Featured Image: Jack Beyer
Lift Off Time
(Subject to change)
September 24, 2022 – 21:53 UTC | 14:23 PDT
NROL-91, a mission for the National Reconnaissance Office
(What rocket company is launching it?)
United Launch Alliance (ULA)
(Who’s paying for this?)
National Reconnaissance Office (NRO)
Delta IV Heavy
SLC-6, Vandenberg Space Force Base, California, USA
Where is the satellite going?
Will they be attempting to recover the first stage?
No, booster reuse is not a capability of the Delta IV
Where will the first stage land?
It will crash into the Pacific Ocean
Will they be attempting to recover the fairings?
No, fairing reuse is not a capability of the Delta IV
Are these fairings new?
How’s the weather looking?
The 30th weather squadron does not release public weather forecasts
This will be the:
– 153rd mission for ULA ever
– 14th mission of a Delta IV Heavy
– 121st orbital launch attempt of 2022
– 3rd to last Delta IV Heavy launch ever
– last Delta IV Heavy launch from Vandenberg
Where to watch
Tim Dodd, the Everyday Astronaut, will be streaming at T-30 minutes; come ask questions and join the conversation live!
What’s All This Mean?
United Launch Alliance (ULA) will launch the NROL-91 mission for the National Reconnaissance Office (NRO) atop a Delta IV Heavy. Launching from Space Launch Complex 6 at the Vandenberg Space Force base, in California, this mission will mark the final Delta IV Heavy launch from the west coast and the third-to-last Delta IV Heavy launch ever. ULA is retiring both the Delta and Atlas vehicles in favor of Vulcan, which is scheduled to have its maiden launch in Q1 2023.
What Is NROL-91?
Due to the classified nature of the NROL-91 mission, little information is known. However, it is suspected that this mission is part of the NRO’s Keyhole-11 (KH-11) constellation. This constellation is an electro-optical digital imaging constellation that provides real-time observation to the US government. It is thought that each satellite has a mass of ~15,000 kg and is built by Lockheed Martin.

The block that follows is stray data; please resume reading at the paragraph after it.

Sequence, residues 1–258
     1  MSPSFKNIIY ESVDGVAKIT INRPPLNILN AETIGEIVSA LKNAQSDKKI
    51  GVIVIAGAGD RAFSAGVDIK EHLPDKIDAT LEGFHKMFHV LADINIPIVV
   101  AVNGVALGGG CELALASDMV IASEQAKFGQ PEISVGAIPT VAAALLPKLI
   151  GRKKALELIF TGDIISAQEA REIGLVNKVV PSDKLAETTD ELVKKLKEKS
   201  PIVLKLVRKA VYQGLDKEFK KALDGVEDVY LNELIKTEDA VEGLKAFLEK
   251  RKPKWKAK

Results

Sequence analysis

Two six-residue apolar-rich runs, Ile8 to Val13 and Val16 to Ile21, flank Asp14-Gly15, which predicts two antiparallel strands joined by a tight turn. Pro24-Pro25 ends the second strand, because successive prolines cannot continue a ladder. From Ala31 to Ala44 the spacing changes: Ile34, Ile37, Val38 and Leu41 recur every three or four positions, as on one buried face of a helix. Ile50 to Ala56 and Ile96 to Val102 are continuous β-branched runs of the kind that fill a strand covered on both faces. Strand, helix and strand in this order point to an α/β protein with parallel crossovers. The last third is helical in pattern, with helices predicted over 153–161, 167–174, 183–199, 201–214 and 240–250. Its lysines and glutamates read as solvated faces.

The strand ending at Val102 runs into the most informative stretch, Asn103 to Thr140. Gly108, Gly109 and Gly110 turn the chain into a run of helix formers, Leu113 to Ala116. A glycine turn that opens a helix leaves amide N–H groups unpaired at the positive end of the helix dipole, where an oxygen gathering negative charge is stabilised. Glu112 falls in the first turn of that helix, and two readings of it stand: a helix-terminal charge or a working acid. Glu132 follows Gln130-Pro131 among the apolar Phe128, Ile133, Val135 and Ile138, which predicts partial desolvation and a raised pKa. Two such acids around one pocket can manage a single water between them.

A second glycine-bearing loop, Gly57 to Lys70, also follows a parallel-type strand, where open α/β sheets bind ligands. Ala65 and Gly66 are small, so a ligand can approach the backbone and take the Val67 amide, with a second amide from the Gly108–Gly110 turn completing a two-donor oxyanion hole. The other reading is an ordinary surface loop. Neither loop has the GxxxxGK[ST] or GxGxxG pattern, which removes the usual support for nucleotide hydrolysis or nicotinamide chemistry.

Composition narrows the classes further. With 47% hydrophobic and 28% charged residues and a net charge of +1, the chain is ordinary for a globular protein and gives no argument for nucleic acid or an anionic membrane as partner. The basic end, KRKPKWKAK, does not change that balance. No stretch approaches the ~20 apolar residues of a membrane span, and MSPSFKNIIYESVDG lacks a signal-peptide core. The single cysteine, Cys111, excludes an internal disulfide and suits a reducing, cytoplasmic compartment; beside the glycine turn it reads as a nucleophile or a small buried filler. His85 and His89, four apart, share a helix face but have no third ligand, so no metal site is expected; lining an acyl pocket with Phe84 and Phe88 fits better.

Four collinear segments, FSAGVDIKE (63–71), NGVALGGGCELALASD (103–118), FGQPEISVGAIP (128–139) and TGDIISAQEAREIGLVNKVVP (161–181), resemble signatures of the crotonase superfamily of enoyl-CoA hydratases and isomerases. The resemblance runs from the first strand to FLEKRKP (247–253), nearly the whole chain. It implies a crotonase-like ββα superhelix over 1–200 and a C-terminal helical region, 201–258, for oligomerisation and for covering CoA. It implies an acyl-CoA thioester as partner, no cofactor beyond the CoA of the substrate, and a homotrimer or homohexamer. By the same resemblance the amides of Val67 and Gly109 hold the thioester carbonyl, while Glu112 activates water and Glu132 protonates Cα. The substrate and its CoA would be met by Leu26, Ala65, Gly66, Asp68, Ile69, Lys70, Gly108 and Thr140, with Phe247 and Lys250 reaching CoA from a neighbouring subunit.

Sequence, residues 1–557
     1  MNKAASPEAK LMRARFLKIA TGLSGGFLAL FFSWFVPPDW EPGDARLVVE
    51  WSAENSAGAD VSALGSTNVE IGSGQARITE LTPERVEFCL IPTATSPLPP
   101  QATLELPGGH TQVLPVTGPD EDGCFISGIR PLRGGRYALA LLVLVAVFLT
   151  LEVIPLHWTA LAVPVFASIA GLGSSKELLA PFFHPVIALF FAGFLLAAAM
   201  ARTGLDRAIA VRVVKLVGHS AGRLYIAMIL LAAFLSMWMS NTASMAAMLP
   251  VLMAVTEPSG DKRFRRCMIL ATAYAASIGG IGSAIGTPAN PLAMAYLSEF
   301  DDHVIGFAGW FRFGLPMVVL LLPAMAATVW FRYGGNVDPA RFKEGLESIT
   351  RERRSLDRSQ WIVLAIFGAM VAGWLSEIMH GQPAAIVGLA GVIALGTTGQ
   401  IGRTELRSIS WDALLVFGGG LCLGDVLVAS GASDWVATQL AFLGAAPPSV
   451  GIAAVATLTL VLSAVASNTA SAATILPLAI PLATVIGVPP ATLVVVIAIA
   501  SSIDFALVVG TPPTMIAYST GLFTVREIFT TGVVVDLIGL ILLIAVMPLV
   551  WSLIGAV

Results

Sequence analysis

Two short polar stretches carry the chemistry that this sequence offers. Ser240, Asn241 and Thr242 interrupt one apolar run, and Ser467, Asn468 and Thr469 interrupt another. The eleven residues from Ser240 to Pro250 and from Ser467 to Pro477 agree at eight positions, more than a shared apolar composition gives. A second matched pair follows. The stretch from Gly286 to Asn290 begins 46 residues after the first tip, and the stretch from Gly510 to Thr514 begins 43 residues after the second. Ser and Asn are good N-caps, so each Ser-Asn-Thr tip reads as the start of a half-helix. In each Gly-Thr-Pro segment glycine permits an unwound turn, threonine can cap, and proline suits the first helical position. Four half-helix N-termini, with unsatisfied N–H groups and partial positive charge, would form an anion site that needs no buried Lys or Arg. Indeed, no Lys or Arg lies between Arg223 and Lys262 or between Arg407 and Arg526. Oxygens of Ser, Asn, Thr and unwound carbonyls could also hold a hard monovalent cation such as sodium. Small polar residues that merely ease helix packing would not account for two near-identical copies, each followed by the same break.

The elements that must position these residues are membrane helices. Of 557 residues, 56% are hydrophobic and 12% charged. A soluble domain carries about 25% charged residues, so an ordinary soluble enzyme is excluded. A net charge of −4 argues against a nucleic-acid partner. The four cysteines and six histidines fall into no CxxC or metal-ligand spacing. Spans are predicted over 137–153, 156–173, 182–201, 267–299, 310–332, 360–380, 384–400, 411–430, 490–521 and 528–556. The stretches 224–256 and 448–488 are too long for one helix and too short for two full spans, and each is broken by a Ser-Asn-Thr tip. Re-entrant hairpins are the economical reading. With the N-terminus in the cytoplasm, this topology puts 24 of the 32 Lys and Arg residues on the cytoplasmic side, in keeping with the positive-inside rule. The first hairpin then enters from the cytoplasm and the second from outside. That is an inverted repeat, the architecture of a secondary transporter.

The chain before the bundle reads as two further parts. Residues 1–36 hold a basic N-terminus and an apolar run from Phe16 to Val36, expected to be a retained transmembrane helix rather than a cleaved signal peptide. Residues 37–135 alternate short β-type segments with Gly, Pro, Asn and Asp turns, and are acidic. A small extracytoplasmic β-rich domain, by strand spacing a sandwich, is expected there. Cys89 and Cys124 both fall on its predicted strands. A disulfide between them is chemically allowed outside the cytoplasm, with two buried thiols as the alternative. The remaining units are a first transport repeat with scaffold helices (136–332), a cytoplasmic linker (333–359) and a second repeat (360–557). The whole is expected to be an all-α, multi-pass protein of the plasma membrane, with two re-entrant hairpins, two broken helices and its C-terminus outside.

Each satellite is thought to have a 2.4-meter mirror (the same size as the Hubble Space Telescope, which is based on the keyhole satellites), which would result in a ground resolution of .15 meters.
What Is The Delta IV Heavy?
The Delta IV Heavy is one the most powerful active rockets, falling behind SpaceX’s Falcon Heavy and NASA’s Space Launch System.
Being a heavy lift launch vehicle, the Delta IV Heavy is able to place up to 28,000 kg into a 90-degree low-earth orbit and up to 14,000 kg into a 27-degree geostationary transfer orbit (GTO). Based on the payload, ULA has two fairing sizes to accommodate different payload sizes. Both fairings are 5 meters in diameter and one is 14 meters tall while the other is 19.1 meters tall.
Payload fairing dimensions. (Credit: ULA)
The First Stage
The first stage of the rocket is composed of three nearly identical boosters strapped together. Each of the three boosters has a single RS-68A engine, which is manufactured by Aerojet Rocketdyne. Each engine produces 3,100 kN of thrust while maintaining an ISP of 362 seconds. The engine burns on liquid hydrogen (LH2) and liquid oxygen (LOx).
During the course of the flight, the center booster will throttle down to save fuel. This allows for the side boosters to separate before the center core is out of fuel, allowing for a higher total delta-V.
Delta IV Heavy ahead of liftoff. (Credit: ULA)
The Second Stage
The second stage of the Delta IV Heavy is the Delta Cryogenic Second Stage (DCSS), which is powered by a single vacuum-optimized RL10B-2 engine. Like the first stage, the stage runs on LH2 and LOx. This engine produces 110 kN of thrust and has an ISP of 462 seconds.
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